December 08,2015

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Hatch and Upton Press CMS On Lack of Oversight of Medicaid Verification Systems

Improper Payments for Medicaid Near 10 Percent - States Have Fallen Woefully Behind Implementing Verification Systems to Cut Down On Improper Payments

WASHINGTON, DC – As part of ongoing bicameral collaboration to protect Medicaid services for the most vulnerable, Senate Finance Committee Chairman Orrin Hatch (R-UT) and House Energy and Commerce Committee Chairman Fred Upton (R-MI) sent a letter to Andy Slavitt, Acting Administrator of the Centers for Medicare and Medicaid Services (CMS). The leaders are concerned with the agency’s apparent lack of oversight of states’ implementation of electronic asset verification systems for aged, blind, and disabled populations under Medicaid.

The leaders wrote, “Without targeted CMS oversight, states may not be using required mechanisms to ensure the accuracy of Medicaid eligibility determinations, thereby placing American taxpayer dollars at risk.”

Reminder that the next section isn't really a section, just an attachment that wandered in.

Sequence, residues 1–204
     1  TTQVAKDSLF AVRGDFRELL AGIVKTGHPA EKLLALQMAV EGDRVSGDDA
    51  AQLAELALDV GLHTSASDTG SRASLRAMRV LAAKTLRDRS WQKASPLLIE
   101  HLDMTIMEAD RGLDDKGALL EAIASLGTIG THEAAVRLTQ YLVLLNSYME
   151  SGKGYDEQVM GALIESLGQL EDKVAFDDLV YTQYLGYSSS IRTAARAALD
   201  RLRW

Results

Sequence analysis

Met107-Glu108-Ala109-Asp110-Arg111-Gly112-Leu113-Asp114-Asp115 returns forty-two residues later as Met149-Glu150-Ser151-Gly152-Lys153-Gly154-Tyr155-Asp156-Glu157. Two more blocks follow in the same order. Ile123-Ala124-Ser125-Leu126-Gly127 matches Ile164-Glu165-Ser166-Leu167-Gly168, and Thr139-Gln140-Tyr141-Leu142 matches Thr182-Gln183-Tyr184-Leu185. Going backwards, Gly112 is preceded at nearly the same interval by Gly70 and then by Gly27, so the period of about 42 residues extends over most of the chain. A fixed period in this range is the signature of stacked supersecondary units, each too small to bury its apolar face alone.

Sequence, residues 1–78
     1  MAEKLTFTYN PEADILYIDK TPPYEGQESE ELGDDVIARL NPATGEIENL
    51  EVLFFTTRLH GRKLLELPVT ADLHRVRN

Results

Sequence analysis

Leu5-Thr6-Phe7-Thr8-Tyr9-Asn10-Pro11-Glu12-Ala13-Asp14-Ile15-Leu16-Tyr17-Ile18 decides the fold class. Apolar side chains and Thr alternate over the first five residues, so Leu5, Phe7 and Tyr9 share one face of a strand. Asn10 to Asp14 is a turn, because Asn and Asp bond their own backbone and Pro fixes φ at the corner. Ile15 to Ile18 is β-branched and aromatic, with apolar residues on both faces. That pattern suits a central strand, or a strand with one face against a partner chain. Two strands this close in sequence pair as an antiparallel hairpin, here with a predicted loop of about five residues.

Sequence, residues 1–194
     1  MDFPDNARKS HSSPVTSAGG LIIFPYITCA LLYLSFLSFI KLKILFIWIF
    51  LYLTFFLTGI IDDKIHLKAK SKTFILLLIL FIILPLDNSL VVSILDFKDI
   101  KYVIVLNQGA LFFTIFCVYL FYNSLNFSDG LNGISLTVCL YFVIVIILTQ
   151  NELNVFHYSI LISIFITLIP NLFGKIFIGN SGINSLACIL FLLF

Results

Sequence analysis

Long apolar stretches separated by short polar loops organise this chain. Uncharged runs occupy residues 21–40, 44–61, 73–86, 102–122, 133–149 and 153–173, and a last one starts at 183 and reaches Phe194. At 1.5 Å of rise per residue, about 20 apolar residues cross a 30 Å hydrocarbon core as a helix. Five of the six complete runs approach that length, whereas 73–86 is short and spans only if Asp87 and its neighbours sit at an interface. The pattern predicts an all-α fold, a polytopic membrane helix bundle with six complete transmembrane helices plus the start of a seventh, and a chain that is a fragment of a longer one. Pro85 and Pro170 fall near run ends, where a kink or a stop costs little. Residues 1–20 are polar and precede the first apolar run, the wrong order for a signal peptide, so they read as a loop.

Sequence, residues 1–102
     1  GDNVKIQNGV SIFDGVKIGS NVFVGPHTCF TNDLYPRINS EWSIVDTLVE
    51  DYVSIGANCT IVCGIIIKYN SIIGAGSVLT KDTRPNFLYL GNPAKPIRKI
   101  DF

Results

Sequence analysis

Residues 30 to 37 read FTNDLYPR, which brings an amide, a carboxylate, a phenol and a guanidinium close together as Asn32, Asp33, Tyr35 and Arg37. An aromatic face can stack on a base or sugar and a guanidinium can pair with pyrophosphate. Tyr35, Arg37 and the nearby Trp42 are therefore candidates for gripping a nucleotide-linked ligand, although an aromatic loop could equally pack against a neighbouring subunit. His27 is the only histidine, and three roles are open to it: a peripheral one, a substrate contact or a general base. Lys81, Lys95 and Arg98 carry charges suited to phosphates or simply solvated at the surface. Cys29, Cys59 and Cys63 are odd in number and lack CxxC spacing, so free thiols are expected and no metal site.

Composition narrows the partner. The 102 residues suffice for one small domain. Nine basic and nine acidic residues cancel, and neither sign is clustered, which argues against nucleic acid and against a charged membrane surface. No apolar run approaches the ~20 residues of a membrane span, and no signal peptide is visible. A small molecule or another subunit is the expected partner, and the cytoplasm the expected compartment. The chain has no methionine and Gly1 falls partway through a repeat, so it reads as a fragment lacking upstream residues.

Upton and Hatch continued, “There is good reason to be concerned about the need to further protect taxpayer dollars in Medicaid. According to the Agency Financial Report released by the U.S. Department of Health and Human Services (HHS) on November 16th, in fiscal year 2015, the Medicaid improper payment rate was 9.78 percent overall, and 10.59 percent in fee-for-service Medicaid.”

The bicameral leaders cite a 2008 law requiring states to implement electronic asset verification systems to verify the assets of aged, blind, and disabled Medicaid applicants. The law specified that states implement these systems on a rolling basis. Based on CMS guidance for implementing the law, and by the end of fiscal year 2011, 25 states should have implemented their electronic asset verification systems.

However, the nonpartisan Government Accountability Office (GAO) reported that no states had implemented such a program as of November 2011. Even more troubling, a May 2014 GAO report indicated that only two of 12 states that had been interviewed reported having such a system in place, despite the fact that all states were supposed to have implemented one by the end of fiscal year 2013.

The leaders are pressing CMS to provide status updates for each state’s electronic asset verification systems’ implementation, and answers to questions about the extent to which the applicants’ assets are verified for the systems already in place.

Read the full letter online here.